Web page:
Hong Kong-based asset manager Anatole is preparing to move the core of its business to Singapore, after telling investors it has significantly cut its exposure to China.

The firm, which made its name with outsized bets on China’s growth, is opening an office in the city-state and may move key operations and decisions there, three people familiar with the discussions said.

Many Asia-based hedge fund managers have been hit hard by Chinese President Xi Jinping’s years-long regulatory crackdown on a range of sectors from technology to property.

Proximity to the mainland through a Hong Kong base has become less important for managers like Anatole as they diversify into fast-growing south-east Asia, home to 655 million people and featuring Singapore as a regional financial hub.

Anatole may keep a smaller presence in Hong Kong, to try to avoid falling out of favor with China where it still has its biggest exposure, one of the people said.

“Nervous system is probably going to be in Singapore,” another person briefed on the talks said, though they said the decision had not been finalized and the situation could change. The company was registered in Singapore in February, according to records with the city’s accounting authority.

Anatole Chief Operating Officer Gary Lee confirmed the group has opened an office in Singapore. He said the office would be an “outpost”, adding that he remained “enthusiastic about China’s recovery”.

Lee declined to say how staff would be split between the two locations, whether he and founding partner George Yang would move to Singapore or leave in Hong Kong.

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“We will retain the resources we see fit to fully exploit the potential of the investment opportunity,” Lee told the Financial Times.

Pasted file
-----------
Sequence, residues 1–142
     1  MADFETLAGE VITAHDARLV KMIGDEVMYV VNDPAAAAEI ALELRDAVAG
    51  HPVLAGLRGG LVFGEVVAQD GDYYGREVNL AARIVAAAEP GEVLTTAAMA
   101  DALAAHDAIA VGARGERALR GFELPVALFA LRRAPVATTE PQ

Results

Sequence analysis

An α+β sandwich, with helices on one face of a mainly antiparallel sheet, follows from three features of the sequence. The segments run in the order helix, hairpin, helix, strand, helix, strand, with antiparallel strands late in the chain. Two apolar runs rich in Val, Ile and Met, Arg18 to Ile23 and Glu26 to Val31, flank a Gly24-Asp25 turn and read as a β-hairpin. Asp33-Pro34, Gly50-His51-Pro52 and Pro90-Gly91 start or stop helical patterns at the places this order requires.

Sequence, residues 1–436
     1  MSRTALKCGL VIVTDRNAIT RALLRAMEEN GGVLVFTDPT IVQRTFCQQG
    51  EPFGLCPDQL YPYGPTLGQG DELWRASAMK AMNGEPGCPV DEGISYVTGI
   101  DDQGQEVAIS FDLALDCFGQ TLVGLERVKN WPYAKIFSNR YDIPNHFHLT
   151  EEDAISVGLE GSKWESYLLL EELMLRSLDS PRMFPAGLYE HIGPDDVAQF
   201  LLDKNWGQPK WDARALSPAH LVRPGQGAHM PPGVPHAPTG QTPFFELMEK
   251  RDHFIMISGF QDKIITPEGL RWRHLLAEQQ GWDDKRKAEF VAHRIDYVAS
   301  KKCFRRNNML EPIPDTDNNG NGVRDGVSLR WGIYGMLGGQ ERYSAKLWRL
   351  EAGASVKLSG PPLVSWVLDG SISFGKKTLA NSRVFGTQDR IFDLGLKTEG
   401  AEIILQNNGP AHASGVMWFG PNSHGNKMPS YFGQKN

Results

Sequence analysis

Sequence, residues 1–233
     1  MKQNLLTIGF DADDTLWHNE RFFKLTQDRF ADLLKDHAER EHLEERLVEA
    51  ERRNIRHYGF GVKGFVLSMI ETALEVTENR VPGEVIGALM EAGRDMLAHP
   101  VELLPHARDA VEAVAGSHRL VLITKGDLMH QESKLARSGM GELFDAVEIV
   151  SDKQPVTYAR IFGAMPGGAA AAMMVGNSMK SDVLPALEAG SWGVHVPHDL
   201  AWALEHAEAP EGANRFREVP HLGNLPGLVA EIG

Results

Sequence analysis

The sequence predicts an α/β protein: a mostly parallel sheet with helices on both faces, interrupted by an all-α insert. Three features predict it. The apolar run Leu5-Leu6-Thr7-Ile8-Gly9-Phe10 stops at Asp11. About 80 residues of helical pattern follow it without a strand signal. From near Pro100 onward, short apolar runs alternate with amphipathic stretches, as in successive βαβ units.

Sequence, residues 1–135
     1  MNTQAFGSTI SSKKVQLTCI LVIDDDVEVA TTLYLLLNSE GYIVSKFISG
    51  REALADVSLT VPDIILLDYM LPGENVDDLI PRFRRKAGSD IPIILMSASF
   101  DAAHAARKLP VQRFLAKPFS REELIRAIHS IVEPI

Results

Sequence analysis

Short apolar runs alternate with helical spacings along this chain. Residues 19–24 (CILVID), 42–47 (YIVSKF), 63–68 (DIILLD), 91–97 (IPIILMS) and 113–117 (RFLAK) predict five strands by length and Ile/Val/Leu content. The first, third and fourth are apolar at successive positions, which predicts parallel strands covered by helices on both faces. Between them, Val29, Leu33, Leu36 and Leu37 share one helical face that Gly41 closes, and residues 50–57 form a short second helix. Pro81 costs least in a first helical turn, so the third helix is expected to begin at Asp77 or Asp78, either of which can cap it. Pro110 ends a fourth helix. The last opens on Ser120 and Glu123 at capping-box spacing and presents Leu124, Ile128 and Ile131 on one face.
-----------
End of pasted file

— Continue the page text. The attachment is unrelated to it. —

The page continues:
Since its founding in 2016, Anatole has focused on long-term investments in Chinese companies and its funds have managed about $2 billion, according to Bloomberg. However, Yang, Anatole’s chief investment officer, said last year that he was considering new “hunting grounds”.

Anatole told investors that its flagship hedge fund had suffered huge losses by miscalculating the world’s second-largest economy. Chinese stocks plunged in 2022 as China’s economy stalled during the coronavirus pandemic and after the central government launched a regulatory crackdown on the internet, property and education sectors.

Singapore is rivaling Hong Kong as Asia’s financial center and has benefited from the aftermath of closed borders at the height of the pandemic. Geopolitical tensions have also increased the city-state’s appeal as a neutral financial outpost and haven for global capital – including from China.

While many financiers and law firms have added staff and expanded their offices in the city-state, Singapore has lagged behind in capturing more hedge fund business.

“Singapore is generally where you manage money, Hong Kong is where you make money. That is slowly changing,” said one financier.


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